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US ambassador Palmer: Fertiliser shortage will be addressed soon

Ambassador Virginia Palmer says as a result of the war in Ukraine, the US has made funding available to produce inorganic fertilisers to help boost African economies

The US ambassador to Ghana, Virginia Palmer has said her outfit is collaborating with the Ministry of Food and Agriculture to make organic fertilisers available in the interim to deal with the shortage of the commodity following the war in Ukraine.

She said the US is committed to addressing the current fertiliser shortage in the country.

In a visit to Tamale in the Northern Region, the ambassador acknowledged that the Russia-Ukraine war is having serious repercussions on Africa. She said as a result, the US has made funding available to produce inorganic fertilisers to help boost African economies.

US interventions in Northern Ghana

The US government has been providing a number of interventions in northern Ghana. Key among these interventions include the provision of health facilities, providing skills training to combat cross border crime and also working to ensure that communities attain open dedication free (ODF) status.

Palmer visited Boakurugu, an ODF community in the Sagnarigu District, Northern Region, to congratulate them on their sanitation feat.

The community attained ODF in August 2021 after eight months of community engagement, under Global Communities erstwhile WASH for Health Project #W4H. Boakurugu now boasts of 63 household latrines, 61 tippy-taps, 59 constructed soakaways and a clean environment.

The ambassador, who was enskinned the Boakurugu sanitation queen, was impressed with the community’s progress and pledged to support the 25 communities with funds from the American people, under the WASH project.

Threat of violence 

Palmer met with peace and security, economic empowerment, public health, media, and development partners during the two-day trip. USAID Ghana Mission Director Kimberly Rosen accompanied the ambassador.

“Northern Ghana is an absolute priority for the United States, which is why I’m here on my first trip. From the young people, entrepreneurs, farmers, and civil society and traditional leaders I’ve met, it’s clear this region holds incredible potential. I am already thinking about my next trip back,” said Palmer.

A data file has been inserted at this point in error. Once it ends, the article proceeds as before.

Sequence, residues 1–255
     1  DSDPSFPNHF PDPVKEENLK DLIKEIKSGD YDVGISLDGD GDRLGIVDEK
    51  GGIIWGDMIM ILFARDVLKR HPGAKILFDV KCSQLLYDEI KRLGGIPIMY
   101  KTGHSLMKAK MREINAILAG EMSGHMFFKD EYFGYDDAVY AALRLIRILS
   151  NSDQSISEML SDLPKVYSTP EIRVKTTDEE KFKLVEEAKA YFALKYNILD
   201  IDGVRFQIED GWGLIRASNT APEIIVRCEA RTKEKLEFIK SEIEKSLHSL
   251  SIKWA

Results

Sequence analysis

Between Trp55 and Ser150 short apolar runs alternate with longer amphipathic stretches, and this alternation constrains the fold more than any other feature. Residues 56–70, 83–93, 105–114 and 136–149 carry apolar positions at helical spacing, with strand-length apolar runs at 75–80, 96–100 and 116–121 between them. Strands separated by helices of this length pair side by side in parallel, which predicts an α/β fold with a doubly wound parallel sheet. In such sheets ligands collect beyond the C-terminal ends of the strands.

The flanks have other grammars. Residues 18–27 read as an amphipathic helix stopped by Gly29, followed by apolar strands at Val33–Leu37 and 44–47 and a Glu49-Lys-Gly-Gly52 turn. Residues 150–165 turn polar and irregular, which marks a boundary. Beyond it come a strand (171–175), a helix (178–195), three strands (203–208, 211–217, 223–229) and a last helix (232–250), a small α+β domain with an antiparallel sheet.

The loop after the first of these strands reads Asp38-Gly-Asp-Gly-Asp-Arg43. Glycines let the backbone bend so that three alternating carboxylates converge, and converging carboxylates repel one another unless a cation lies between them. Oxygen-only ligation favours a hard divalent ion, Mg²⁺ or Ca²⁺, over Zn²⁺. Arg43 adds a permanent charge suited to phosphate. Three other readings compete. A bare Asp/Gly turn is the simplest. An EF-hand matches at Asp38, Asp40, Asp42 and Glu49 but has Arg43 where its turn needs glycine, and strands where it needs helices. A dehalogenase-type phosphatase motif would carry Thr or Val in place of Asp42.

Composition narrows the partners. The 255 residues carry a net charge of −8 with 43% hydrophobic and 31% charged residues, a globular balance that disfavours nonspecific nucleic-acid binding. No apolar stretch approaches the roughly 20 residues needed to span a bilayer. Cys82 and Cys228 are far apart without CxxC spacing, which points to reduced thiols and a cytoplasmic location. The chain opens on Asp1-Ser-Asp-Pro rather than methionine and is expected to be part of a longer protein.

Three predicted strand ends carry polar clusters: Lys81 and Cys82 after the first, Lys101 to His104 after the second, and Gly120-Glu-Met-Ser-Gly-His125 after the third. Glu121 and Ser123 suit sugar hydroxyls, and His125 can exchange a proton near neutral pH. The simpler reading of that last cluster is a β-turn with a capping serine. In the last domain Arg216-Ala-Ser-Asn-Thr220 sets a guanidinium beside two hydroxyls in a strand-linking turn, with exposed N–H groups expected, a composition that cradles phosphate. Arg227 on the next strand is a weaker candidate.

The ambassador met Northern regional minister and chairman of the regional security council Shani Alhassan Shaibu. They discussed U.S. government support for economic and human development in the region and community-based efforts to detect and prevent violent extremism.

Commenting on the recent threat of violent extremism in the sub-region, the US ambassador called for collaboration to deal with the increasing threat to enhance economic growth within the region.

Shea business

During a visit to the Nuts For Growth shea processing plant, ambassador Palmer helped launch the Global Shea Alliance and MasterCard Foundation’s Shea Business Empowerment Programme. The programme will work with local shea collectors to transform their informal operations into well-structured small businesses and cooperatives that can more readily achieve economies of scale to participate in the global market for shea.

Nuts For Growth is also a recipient of a US$980,000 grant from the United States Agency for International Development (USAID) to catalyse private investment and expand incomes of 20,000 women farmers in the region.

Later, meeting with representatives of the USAID Women in Agriculture Platform, Ambassador Palmer heard about their concerns and challenges with land tenure, water management, and, most recently, fertiliser scarcity.

She also met with local alumni of the Mandela Washington Fellowship and other U.S. government exchange programmes. Before departing Tamale, Ambassador Palmer met with Hajia Dr. Kansanwurche Azara Bukari, President of the Savannah Region Queen Mothers Association to discuss the critical role of traditional leaders in Ghana.

Baba Kamil

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